Greasby history to 1066
Greasby village has a
long history - Liverpool Museum (link) reports that the earliest recorded human
settlement in the Merseyside area was near Greasby Copse.
Evidence such as a fireplace
and stone tools found during excavations (1987 - 1990) date the site at
around 7000 BC (during the Mesolithic period).
In his book 'Ancient Britain'
(published in 1997) James Dyer describes the structure found at Greasby and
states his belief that it "seems almost certainly to be the earliest
dwelling found in Britain". He dates it at around 8000 BC.
Before the Romans occupied
Chester (74AD to 383AD) the Wirral peninsula (which was then called Kilgwri)
was occupied by a Celtic tribe, the Cornavii.
Evidence of a Roman road is
continuous from Chester to Willaston (at Willaston it is called Street Hey
Lane) and remains have been found in Barnston (behind the church).
Excavations in Greasby
in 1965 proved that Barker Lane was of Roman origin (official
confirmation was not until around 1980) and Roman remains such as coins,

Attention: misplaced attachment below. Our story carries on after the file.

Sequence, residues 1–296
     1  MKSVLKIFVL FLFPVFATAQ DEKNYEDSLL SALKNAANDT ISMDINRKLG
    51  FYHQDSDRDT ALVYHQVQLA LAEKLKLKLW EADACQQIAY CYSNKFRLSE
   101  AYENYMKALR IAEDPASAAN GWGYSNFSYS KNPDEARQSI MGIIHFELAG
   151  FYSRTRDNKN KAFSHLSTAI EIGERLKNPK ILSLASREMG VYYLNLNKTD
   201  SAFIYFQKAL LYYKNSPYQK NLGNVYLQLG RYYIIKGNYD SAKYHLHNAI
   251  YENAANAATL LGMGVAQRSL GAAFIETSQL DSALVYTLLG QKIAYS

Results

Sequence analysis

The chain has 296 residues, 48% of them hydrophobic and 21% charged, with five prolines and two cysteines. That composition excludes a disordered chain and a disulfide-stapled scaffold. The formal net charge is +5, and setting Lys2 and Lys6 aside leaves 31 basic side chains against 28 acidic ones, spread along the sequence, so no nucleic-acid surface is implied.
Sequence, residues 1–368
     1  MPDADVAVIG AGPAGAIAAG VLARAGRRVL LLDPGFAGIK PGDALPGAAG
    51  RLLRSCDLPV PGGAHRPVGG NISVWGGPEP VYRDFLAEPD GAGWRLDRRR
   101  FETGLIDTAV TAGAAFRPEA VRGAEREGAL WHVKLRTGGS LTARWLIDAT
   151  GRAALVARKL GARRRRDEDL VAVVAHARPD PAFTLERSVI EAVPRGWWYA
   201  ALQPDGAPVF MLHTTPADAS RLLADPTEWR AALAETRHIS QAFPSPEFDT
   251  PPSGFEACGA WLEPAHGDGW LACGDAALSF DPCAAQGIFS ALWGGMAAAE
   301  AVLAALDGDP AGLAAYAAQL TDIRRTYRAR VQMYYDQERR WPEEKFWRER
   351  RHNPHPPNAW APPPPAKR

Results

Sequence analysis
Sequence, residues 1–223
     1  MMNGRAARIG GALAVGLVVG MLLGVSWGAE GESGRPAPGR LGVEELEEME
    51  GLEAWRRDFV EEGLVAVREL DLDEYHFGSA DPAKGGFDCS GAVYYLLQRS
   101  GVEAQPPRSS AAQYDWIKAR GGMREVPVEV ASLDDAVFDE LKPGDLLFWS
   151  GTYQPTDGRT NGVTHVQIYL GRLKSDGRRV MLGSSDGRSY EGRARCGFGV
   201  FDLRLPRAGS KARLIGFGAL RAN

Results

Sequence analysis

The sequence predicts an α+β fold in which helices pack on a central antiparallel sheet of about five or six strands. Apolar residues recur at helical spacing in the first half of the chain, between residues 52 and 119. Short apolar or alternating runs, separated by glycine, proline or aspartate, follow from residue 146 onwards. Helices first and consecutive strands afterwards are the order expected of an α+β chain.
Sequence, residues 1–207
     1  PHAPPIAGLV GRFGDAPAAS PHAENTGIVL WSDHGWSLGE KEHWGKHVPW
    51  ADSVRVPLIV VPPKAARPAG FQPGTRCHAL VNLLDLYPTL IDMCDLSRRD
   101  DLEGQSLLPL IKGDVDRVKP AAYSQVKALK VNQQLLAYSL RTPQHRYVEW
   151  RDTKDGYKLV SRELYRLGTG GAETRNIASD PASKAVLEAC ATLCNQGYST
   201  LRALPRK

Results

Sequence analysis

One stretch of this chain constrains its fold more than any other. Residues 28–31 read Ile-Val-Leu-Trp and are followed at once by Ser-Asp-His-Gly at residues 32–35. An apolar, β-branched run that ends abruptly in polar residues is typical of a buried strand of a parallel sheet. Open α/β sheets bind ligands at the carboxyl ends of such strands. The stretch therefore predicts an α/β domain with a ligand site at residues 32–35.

jewellery and weapons, have been found at Meols.
It is likely that Greasby was on the important Roman road from Chester to Meols.
After the departure of the
Romans, waves of Teutronic tribes - Saxons, Jutes and Angles -
entered Britain and by the middle of the seventh century Anglo-Saxons had
conquered nearly all of the Wirral peninsula.
Norsemen, known today as
Vikings but at the time called Ostmen, raided between 870 and 924 and they
eventually settled in the area.
At the time of the
Norman invasion (1066), Greasby was under the control of a man called
Dunning. He was an official (bailiff or steward) for the landowners, the
earls of Mercia.
William the Conquerer gave
Cheshire to Hugh de Avranches (also called Hugh Lupus) and he (Lupus) gave
Greasby to Nigel de Burcey.